Given the continual driver shortage, truck drivers have many options in deciding which companies and fleets to work for. Recruiters need to constantly differentiate themselves from other firms when interacting with job prospects. Recruiters are constantly guessing about how much drivers will care about different factors when weighing job options. Data from Drive My Way’s database revealed some interesting factors which CDL truck drivers care about when looking for a CDL trucking job.
Drive My Way’s unique service matches drivers with companies based on professional qualifications and lifestyle choices. We asked our drivers which factors are most important to them when they are deciding where to work. We were overwhelmed by the sheer number of responses and slightly surprised by the results. According to our Drive My Way drivers, here are the top seven factors CDL truck drivers consider when deciding where to work.
Okay, this one is not a big surprise, but it’s good to have some hard data behind recruiters’ instincts. Type and amount of pay is the number one reason drivers said they consider when looking for jobs. In fact, over 15,000 Drive My Way drivers cited this as the top reason.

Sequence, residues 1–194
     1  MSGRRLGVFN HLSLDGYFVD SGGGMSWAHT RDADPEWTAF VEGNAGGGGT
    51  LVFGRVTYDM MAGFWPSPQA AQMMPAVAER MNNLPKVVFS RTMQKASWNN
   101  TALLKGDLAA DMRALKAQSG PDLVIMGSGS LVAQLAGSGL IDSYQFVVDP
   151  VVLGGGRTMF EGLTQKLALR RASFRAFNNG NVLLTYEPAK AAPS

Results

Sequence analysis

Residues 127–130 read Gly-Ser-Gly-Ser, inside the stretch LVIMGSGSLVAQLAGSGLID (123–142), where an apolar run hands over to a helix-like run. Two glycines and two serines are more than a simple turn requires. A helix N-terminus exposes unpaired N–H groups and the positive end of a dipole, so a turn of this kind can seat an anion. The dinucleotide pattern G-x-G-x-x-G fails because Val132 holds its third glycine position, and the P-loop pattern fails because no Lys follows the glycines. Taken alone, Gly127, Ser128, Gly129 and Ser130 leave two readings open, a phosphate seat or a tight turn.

Truckers know a shoddy deal when they see one, so they’ll be skeptical if your company is offering them pay less than the industry average.
In addition to salary, drivers also look for opportunities for raises, bonuses, and overtime rates. If they are driving specialty or unusual hauls which are more dangerous, they will expect those to pay better. Bottom line, if drivers aren’t paid competitively at your company, they’ll shop around for a company where they are.
2. Health Insurance
Salary isn’t the only important factor when it comes to compensation. Drivers care about a full benefits package, including health insurance. Over 12,000 Drive My Way drivers cited this as a factor they consider when applying for a new CDL job.